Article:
The Executed God: The Way of the Cross in Lockdown America

By Mark Lewis Taylor | Go to book overview

2. theatrics sacrifice
in the U.S.-Led Imperium

The suffering of the conquered and colonized people appears as a necessary
sacrifice and the inevitable process of modernization. This logic has been
applied from the conquest of America until the Gulf War, and its victims
are as diverse as indigenous Americans and Iraqi citizens.

—Enrique Dussel, The Invention of the Americas

The argument of this chapter is that the terrors of Gulag America function theatrically, providing spectacles that have a negative impact, first of all upon those marked as poor and racially other. Such spectacles, involving the sacrifice of these especially marked ones, are carried out, however, in a way that also constitutes an intimidating display for exercising control throughout the wider society. These spectacles function on the domestic U.S. scene and also reinforce a global empire that is not identical to the nation of the United States but is anchored by the U.S. hegemony over military power.

This takes us more deeply into the notion of theatrics. In its most general sense, theatrics is simply the art of theater. In a more specific sense, it is a collection of dramatic mannerisms that are calculated for effect. Sometimes we use the word in a way that suggests theatrics are not important, as when we say, “Let’s spare the theatrics and address the issue squarely.” Here, the dramatic mannerisms are seen as a distraction from something else held to be more important.

This overlooks, however, the real power in theater and drama. We all know that the dramatic mannerisms, the theatrics, the acting out have effects. Issues analyzed and points made without theatrical display, without flourish, often go unnoticed. It is the essence of theatrics to be noticed. It is their role to have an effect, and theatrics are a visible and visceral way to have effect. Sometimes, theatrics are short-lived and powerless, and their effects quickly dissipate. For systems that use theatrics and are heavily institutionalized with long histories, however, theatrical display is a very effective tool of power. Gulag America, as analyzed in the previous chapter and with its six dimensions of terror, is a theatrical force of this sort. It is characterized by exaggerated self-display and drama. We must now ask why: as theatrical, what is its calculated effect?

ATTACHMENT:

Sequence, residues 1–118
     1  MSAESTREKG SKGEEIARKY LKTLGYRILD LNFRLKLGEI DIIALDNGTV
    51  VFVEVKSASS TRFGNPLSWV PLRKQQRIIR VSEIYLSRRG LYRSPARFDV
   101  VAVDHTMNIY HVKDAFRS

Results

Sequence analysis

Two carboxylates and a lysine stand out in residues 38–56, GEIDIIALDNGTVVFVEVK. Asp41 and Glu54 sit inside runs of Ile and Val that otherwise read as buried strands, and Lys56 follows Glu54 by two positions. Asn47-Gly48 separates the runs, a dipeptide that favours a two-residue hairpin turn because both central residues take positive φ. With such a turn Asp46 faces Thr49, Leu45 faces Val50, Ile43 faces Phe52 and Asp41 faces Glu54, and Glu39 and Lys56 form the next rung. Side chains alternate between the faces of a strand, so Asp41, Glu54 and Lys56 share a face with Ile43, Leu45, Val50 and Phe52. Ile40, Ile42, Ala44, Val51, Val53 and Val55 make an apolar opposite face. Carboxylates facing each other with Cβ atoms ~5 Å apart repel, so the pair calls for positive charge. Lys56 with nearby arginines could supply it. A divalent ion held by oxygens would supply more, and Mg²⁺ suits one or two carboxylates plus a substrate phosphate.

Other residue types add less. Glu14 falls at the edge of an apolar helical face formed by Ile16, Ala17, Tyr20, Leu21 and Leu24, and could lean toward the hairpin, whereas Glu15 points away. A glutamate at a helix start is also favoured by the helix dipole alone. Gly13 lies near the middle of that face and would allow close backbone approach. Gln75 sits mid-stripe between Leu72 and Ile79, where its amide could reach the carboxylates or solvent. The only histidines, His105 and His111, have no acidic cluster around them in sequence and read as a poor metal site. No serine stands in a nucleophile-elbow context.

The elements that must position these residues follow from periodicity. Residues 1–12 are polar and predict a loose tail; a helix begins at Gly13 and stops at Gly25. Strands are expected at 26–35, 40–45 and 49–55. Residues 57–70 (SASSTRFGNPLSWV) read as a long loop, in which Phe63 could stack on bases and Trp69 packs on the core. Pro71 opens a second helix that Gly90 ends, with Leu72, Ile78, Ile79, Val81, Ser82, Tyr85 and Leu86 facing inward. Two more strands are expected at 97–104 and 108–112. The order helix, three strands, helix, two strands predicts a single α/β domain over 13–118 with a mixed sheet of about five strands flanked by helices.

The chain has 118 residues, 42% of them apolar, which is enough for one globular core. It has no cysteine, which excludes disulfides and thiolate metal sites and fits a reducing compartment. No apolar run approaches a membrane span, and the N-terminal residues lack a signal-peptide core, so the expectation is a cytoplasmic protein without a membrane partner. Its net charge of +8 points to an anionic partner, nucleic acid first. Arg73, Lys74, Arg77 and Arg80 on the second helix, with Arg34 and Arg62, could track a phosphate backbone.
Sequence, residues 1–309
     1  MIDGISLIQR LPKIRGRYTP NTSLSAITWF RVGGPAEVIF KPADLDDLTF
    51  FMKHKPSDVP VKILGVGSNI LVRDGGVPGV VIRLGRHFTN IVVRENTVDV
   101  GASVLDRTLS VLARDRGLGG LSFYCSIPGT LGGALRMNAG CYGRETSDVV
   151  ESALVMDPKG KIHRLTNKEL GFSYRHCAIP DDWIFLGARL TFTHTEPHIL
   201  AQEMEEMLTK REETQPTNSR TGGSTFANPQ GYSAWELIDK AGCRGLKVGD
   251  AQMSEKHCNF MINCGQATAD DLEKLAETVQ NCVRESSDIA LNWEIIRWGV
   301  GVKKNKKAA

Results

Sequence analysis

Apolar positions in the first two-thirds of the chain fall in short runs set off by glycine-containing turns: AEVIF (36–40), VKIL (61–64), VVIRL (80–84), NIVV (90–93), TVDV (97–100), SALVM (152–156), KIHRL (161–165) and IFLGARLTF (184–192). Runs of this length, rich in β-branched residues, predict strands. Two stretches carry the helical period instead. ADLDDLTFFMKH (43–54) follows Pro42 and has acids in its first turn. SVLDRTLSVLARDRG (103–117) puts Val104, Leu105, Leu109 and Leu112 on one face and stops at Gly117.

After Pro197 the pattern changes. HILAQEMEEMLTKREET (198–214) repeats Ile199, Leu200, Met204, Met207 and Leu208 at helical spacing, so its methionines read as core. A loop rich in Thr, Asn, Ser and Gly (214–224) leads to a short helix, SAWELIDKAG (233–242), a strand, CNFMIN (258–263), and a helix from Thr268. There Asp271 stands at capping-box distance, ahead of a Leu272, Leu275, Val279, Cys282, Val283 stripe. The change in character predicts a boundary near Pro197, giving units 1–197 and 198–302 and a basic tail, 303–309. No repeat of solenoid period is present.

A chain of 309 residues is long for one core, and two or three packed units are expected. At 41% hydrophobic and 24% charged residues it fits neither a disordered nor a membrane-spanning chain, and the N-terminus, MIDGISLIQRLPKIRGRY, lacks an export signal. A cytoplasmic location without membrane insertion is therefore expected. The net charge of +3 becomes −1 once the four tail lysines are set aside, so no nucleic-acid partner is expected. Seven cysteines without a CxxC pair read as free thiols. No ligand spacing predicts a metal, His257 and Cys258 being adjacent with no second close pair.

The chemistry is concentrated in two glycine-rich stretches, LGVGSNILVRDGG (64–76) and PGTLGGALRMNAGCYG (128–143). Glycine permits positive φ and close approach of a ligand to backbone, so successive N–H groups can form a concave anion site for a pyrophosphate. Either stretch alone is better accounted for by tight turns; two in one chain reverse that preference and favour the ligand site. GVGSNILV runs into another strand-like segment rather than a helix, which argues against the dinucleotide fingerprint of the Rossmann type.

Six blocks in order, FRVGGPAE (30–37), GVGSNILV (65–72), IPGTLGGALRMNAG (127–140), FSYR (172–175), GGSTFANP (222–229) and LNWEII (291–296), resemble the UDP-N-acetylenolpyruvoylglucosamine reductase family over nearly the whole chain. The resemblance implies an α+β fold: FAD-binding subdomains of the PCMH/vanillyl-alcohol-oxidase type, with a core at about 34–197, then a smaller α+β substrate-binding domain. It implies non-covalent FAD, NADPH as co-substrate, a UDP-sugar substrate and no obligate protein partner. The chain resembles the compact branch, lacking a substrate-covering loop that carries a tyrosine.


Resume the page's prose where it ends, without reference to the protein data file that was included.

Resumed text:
I argue that the spectacle and spectacles of lockdown America involve the sacrifice of certain so-called surplus populations. These are groups both dis-

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